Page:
How and to What Extent Does Organisational Culture Influence Organisational Performance: Case Study of a Healthcare Organisation
Keywords:Organisational culture and performance in the healthcare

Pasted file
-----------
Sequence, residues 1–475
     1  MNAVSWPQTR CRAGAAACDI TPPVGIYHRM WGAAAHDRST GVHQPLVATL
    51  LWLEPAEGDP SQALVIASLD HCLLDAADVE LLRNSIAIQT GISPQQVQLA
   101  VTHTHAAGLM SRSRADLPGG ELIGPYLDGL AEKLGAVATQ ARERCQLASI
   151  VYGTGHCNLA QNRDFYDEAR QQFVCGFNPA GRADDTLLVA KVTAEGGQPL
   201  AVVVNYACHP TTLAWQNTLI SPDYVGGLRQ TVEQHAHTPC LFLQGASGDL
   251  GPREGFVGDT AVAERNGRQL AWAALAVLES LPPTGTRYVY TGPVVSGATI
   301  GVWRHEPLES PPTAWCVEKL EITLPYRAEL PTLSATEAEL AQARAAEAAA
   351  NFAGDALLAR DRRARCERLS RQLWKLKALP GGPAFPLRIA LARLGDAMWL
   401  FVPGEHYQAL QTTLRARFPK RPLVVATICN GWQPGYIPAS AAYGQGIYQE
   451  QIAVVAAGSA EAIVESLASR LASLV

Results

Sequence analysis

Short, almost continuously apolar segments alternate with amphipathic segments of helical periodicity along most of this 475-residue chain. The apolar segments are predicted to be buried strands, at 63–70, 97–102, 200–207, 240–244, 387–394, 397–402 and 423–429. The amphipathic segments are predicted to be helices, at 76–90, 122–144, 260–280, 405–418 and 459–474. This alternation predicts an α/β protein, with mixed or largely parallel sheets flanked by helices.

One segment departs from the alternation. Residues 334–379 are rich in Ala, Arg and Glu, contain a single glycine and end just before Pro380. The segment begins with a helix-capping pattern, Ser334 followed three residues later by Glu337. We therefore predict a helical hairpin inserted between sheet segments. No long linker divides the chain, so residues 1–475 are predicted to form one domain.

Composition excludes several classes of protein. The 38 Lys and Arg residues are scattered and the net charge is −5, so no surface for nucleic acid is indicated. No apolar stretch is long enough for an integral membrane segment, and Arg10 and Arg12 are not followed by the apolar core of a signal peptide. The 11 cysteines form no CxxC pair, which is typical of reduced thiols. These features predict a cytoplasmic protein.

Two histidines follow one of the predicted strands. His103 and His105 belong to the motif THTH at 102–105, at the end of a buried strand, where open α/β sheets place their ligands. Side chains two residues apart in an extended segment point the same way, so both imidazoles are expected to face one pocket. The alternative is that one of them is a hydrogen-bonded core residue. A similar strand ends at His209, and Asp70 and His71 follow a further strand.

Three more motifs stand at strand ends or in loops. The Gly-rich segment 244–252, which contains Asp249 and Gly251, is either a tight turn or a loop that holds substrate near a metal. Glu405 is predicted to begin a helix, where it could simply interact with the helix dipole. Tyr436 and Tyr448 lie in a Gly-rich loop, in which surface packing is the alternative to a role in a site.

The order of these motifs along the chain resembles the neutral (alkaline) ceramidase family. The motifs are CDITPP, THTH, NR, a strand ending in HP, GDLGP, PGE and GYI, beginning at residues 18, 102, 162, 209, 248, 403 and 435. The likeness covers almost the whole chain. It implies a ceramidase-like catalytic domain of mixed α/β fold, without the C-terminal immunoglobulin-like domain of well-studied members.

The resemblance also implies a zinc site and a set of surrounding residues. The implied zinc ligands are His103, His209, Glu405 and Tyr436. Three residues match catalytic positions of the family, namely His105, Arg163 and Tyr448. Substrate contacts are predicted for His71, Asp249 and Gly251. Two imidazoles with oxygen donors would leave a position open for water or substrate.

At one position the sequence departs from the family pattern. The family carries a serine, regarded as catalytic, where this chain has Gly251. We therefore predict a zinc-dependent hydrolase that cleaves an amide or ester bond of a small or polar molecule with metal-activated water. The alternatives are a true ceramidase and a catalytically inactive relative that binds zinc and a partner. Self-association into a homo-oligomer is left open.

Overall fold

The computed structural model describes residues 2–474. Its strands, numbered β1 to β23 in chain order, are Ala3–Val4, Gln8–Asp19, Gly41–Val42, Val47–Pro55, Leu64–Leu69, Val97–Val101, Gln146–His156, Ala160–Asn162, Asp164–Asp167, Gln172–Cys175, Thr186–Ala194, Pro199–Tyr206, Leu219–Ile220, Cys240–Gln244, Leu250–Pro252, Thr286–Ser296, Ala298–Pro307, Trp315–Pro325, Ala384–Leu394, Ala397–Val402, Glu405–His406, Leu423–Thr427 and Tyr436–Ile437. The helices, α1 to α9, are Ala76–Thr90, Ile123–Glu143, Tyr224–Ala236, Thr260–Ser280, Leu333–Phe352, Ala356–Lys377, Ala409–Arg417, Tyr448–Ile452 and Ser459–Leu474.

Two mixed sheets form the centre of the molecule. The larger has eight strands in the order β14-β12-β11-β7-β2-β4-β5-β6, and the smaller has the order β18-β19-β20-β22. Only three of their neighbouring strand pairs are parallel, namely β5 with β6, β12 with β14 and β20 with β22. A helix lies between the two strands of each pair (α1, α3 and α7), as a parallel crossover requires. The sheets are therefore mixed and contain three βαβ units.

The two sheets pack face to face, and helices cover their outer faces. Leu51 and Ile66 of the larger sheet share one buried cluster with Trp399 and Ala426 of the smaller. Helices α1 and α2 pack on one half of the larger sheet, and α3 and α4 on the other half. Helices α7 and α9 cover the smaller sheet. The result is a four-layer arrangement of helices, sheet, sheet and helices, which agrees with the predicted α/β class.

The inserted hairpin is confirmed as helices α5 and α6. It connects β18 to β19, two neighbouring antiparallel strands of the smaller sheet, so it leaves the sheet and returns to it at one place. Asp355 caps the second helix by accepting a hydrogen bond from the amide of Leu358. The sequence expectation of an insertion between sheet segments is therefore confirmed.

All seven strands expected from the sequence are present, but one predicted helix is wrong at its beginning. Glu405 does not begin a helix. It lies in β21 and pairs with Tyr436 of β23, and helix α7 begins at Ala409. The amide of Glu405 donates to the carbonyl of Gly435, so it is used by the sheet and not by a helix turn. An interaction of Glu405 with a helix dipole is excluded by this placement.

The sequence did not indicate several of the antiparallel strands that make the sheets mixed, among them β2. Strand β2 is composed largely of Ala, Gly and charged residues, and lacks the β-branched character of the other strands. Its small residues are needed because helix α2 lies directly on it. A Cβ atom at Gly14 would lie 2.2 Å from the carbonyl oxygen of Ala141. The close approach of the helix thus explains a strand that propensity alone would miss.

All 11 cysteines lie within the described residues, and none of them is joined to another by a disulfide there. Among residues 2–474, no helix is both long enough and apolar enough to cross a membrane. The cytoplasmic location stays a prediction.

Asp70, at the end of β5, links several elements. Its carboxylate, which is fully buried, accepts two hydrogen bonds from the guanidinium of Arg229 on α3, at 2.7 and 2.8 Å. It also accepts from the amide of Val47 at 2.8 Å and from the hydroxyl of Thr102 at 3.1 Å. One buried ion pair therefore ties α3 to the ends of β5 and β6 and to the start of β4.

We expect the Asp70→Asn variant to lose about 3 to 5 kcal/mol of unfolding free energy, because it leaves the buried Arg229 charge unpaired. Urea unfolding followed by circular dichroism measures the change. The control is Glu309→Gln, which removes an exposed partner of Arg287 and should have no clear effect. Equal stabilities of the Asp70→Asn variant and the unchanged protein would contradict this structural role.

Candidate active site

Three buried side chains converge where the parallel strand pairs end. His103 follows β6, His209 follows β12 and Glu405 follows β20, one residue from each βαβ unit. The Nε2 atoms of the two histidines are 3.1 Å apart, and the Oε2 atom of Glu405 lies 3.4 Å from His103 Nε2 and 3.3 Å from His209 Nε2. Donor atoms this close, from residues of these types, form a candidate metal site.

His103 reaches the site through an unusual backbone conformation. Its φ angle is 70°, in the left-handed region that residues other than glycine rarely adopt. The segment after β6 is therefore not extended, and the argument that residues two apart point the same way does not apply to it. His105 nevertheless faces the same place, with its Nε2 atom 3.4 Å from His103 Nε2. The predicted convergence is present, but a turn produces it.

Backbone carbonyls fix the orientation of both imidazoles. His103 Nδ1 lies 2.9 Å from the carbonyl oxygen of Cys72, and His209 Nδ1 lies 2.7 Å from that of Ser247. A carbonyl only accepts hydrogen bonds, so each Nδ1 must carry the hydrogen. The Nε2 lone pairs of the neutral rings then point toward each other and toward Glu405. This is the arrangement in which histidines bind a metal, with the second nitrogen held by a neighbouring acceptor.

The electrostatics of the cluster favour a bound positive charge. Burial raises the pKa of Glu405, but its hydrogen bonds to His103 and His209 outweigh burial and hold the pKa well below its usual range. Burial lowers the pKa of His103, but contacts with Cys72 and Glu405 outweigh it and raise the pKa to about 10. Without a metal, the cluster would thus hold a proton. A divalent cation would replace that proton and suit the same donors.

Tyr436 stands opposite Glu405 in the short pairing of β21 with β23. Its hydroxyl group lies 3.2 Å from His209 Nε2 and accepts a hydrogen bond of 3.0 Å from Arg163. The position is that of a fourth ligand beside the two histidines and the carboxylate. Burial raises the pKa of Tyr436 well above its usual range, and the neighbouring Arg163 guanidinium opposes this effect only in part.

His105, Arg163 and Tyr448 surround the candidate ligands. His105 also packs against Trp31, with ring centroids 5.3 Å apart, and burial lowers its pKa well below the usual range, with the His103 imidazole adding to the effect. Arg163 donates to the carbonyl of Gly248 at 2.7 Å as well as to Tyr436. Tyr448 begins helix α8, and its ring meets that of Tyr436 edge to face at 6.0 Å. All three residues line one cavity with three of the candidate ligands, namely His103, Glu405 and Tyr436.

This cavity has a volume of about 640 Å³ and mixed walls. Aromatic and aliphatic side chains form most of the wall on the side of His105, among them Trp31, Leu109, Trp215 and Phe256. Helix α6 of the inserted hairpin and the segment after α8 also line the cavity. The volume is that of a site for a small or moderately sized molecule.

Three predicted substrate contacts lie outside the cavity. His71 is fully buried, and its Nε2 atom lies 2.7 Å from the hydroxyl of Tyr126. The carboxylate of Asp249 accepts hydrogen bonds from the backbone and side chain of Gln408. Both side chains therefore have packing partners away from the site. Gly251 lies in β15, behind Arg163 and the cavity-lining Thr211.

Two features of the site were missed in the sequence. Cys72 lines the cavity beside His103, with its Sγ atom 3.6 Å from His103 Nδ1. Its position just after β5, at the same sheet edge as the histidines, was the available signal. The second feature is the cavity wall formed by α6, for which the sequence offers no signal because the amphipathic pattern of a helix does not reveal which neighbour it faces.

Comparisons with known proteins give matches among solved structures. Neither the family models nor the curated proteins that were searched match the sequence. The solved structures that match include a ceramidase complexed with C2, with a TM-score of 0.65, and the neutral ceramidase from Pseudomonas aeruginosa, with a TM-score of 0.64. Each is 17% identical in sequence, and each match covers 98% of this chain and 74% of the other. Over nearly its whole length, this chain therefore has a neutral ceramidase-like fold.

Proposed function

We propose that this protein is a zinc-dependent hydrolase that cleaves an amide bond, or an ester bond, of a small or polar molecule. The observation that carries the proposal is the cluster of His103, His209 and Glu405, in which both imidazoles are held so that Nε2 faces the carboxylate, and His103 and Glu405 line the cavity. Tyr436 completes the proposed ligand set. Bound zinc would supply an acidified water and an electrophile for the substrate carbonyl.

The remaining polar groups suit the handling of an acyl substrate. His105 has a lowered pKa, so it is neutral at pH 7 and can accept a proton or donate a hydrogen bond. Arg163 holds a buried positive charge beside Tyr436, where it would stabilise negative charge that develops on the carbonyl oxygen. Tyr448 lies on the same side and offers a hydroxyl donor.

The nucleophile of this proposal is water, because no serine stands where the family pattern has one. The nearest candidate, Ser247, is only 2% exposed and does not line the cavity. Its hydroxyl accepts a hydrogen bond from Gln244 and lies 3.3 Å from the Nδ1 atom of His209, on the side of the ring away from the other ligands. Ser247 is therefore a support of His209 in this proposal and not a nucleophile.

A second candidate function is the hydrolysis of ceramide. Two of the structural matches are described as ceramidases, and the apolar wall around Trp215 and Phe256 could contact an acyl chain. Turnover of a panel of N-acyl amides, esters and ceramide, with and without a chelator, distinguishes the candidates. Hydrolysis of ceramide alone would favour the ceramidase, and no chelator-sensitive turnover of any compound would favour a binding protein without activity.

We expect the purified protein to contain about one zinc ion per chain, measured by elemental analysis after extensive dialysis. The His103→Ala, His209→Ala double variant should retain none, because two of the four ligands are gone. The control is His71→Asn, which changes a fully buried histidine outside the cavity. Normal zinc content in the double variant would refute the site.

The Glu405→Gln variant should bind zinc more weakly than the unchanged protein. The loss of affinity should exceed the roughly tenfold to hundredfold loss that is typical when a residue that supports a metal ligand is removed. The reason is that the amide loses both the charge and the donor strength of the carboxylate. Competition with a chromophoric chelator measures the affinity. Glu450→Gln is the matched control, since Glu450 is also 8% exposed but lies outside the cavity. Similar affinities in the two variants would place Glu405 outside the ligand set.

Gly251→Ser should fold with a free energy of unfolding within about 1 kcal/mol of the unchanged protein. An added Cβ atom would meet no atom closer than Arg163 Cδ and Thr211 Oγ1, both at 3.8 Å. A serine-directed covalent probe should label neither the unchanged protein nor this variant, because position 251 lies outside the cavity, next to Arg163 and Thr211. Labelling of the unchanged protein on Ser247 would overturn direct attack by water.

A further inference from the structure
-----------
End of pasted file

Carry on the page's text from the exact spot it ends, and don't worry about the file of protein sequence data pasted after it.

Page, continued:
This article reports the results of the exploratory research into the influence of organisational culture on organisational performance. Much of the interest in the concept of organisational culture and organisational performance in the literature are based on explicit and implicit claims that organisational culture influences organisational performance. Although intuitively reasonable, however, the studies that have examined the relationship, often resulted in inconclusive findings, provided little or no explanations on how organisational culture influences organisational performance, and evidently there has been little attempt to explore the dynamics of these two concepts in the healthcare organisation. The use of a mixed methodology in this study meant that the main objectives of this study are being achieved. The effect of the â€˜strengthâ€™ and â€˜congruenceâ€™ of organisational culture and organisational values on organisational performance were recognised in this study. Simple influences such as â€˜strongâ€™ and â€˜congruenceâ€™ culture and values leads to high performance are cautiously supported by this study. Another finding from this study suggests that the â€˜primary taskâ€™ may provide insight to understanding the influence of organisational culture on organisational performance. This study therefore encourages healthcare leaders to consider the strength and congruence of the organisational culture, the strength and congruence of the organisational values, and the nature of the primary tasks in order to put together the right strategy and effort for performance improvement in their organisation. This present study cautiously concludes and presents supportive evidence which suggests that organisational performance is attributable to organisation culture. Whilst these findings in this present study remain valid, they cannot be used for universal generalisations.
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